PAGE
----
5 WordPress Security Mistakes You’re Probably Making (and How To Fix Them)

Why WordPress Needs Hardening with Better Security

20% of the web is powered by WordPress. Its the No.1 CMS on the internet by some distance and by proxy makes for an incredibly attractive target by those who want to hack it, own it, and use it for their own gain or ego. Out of the box WordPress is arguably as safe as any other CMS or web based software, however WordPress security could be better configured to cope with the sort of attacks now becoming commonplace on the Internet.

Below is a summary of 5 common issues within WordPress, and the community, and how to address them

1. Reduce or Eliminate Reliance on Third Party Plugins and Themes

One of WordPress’s greatest features, and arguably the reason for its popularity, is the access barrier remains low from a skill point of view. Its framework is simple and forgiving, meaning anyone with relatively little programming experience can start developing and publishing plugins or themes to the community. This is great in the sense it makes the community large and diverse, but without strict, enforced standards and knowledge of security a lot of vulnerabilities are unknowingly introduced into the community, effectively propagating exploits.

The fewer plugins you have the lesser exposure you have to potential vulnerabilities. Ideally you would have none installed, but this isn’t always possible due to the costs constraints of having a WordPress developer create all the bespoke functionality you need. If you are to use plugins we would suggest using ones from reputable publishers, that have a large install base, and have frequent updates (see the change log tab for publish dates).

Custom themes should always be avoided. Some disreputable sources are back doors in themselves, whilst others on popular sites like Theme Forest rely heavily on third party tools to create functionality that have historically had massive security issues (i.e. Revolution Slider and Timthumb).

Wordpress | Soap Media

2. Enforce Complex Passwords

Have you ever looked in the access logs of attempted logins on a website or even a server or router? If you did you would most likely see a huge log of attempted logins in the form of what’s known as a dictionary attack (“A dictionary attack is a technique for defeating a cipher or authentication mechanism by trying to determine its decryption key or pass phrase by trying hundreds or sometimes millions of likely possibilities”).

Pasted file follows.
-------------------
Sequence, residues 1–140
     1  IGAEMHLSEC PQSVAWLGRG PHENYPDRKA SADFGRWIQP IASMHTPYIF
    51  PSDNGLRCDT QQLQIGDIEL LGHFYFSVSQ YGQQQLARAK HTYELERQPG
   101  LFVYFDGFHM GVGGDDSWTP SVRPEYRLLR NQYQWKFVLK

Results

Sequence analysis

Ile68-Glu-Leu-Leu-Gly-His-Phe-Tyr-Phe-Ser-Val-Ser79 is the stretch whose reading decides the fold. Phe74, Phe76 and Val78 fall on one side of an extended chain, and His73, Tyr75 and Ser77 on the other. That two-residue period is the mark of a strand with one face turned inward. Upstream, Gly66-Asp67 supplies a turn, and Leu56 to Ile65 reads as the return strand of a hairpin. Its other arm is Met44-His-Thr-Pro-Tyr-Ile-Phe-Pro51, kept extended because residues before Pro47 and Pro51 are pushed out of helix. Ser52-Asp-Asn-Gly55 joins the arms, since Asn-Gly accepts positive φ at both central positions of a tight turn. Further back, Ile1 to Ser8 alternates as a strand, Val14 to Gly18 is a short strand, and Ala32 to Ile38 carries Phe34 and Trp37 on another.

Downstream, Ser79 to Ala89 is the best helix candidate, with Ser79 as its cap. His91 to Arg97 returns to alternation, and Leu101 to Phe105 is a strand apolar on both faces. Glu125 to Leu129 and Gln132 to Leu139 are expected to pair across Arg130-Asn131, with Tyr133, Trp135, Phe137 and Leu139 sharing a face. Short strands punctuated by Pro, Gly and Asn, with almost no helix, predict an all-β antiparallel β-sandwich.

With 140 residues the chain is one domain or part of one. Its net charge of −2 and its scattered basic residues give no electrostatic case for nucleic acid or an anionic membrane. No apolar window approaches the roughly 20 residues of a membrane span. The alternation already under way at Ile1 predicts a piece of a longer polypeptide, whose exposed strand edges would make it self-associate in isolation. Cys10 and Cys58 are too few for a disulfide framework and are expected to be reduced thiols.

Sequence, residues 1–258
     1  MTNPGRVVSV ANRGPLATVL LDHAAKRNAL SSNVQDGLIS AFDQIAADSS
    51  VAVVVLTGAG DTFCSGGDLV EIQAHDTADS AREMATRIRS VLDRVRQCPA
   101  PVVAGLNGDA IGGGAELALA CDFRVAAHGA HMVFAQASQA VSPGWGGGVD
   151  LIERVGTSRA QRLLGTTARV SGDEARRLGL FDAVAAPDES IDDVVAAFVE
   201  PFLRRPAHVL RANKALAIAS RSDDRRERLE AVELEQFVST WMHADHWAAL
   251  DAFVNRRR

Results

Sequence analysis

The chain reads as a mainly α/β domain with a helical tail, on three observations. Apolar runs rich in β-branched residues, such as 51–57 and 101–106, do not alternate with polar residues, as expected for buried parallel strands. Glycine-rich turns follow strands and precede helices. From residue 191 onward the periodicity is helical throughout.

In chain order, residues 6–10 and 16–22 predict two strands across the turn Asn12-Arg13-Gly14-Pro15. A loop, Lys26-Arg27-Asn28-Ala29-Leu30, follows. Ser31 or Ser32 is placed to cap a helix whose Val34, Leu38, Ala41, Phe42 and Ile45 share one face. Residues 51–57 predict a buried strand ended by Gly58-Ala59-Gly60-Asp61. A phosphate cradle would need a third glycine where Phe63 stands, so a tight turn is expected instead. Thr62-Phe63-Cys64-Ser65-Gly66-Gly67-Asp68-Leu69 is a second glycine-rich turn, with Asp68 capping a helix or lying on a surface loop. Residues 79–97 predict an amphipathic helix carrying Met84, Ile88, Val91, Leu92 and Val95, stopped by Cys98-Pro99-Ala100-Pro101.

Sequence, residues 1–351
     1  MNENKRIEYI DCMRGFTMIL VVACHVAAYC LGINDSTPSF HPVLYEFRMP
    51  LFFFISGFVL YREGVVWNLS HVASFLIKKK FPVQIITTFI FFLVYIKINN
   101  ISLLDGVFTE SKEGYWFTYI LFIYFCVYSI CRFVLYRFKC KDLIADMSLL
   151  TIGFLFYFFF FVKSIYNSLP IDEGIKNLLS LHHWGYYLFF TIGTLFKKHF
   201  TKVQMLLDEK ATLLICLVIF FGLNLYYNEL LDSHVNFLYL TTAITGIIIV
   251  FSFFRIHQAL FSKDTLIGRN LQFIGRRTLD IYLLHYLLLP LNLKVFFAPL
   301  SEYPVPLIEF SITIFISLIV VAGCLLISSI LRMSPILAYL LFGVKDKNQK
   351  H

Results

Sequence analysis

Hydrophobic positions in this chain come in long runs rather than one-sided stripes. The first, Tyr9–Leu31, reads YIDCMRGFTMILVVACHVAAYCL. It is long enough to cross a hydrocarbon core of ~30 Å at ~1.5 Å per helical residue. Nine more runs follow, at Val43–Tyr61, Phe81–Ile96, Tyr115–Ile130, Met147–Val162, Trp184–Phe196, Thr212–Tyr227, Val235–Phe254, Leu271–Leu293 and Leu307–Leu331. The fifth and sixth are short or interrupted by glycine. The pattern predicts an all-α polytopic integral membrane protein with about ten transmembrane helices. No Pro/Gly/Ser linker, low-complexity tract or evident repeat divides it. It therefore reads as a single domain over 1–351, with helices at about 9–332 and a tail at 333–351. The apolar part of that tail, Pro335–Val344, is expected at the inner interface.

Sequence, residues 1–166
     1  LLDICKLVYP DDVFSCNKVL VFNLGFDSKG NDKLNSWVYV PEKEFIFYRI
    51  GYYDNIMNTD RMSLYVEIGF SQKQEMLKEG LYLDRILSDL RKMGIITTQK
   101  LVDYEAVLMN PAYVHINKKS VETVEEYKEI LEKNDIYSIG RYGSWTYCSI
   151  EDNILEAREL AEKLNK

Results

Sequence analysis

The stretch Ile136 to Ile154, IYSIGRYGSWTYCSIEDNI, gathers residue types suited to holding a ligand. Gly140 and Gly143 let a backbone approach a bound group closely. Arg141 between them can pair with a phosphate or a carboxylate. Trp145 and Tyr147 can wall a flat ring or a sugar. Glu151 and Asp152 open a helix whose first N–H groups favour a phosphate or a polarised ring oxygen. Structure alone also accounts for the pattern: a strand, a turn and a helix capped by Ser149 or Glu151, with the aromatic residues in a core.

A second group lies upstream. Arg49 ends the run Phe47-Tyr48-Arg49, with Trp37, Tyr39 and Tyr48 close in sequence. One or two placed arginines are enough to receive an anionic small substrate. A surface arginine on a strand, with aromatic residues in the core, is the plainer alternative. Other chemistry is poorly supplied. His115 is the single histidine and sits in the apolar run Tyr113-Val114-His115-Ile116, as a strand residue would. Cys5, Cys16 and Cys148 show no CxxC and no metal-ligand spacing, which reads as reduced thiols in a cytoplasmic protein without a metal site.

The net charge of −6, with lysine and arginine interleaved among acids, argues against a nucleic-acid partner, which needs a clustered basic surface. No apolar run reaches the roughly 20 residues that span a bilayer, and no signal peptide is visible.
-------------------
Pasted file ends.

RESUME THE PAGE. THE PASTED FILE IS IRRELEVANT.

To minimise risk of a dictionary attack correctly guessing your password (as with any website) always use strong passwords. With WordPress by default it will allow for weak passwords, however you can enforce a stronger policy through plugins like iThemes security or Force Strong Passwords. Alternatively, switch to a two step authentication process like Google Authenticator.

One final thing to note is when setting up your WordPress install never specify  ‘admin’ as a username, by doing so it eliminates a common base element of dictionary attack guess work.

3. Limit Login Attempts and Implement IP Bans

Restricting login attempts and temporarily locking out users who fail a certain number of attempts is standard in most software, either web based or desktop. It’s always been puzzling why it isn’t a default in WordPress itself in its naked state, consequently it’s fallen to a range of plugins to fill the gap. They all work on the same principle by blocking that IP address from having the right to attempt to login if they repeatedly fail:

However in recent years, with the advent of botnets and proxies, login attempts can be distributed across thousands of IP addresses, so whilst one address gets banned the next IP kicks in and tries making it almost impossible to restrict those actions.This is where tools like BruteProtect  and iThemes security offer a unique approach against these sorts of attacks. If a user has this plugin installed, any attempts are fed back into a central information source which in turn notifies all sites an IP address is to be blacklisted, effectively blocking them from your site before they’re even there.

Wordpress Website | Soap Media

4. Lockdown the ‘wp-admin’ Area to an IP Address

Do you or your clients only access the website from work? Is work on a static IP? If yes to both then one quick way to secure the wp-admin is to simply upload a .htaccess file containing the following to your /wp-admin folder:

Order Deny,Allow
Deny from all
Allow from

This effectively disables authentication for those outside the specified IP addresses.

5. Disable File Editing in ‘wp-admin’

Should the worst happen, having access to the wp-admin with the file editor (not the HTML editor) enabled means PHP code can be added and/or modified resulting in complete ownership of the account to do whatever evil they want. In short always add the following to your wp-config.php

define( 'DISALLOW_FILE_EDIT', true );

Next month we will cover why people would want to exploit your WordPress site, as well as how to clean it. Follow us on Twitter or Facebook for notifications.

Written by
Adam Davis
Adam Davis

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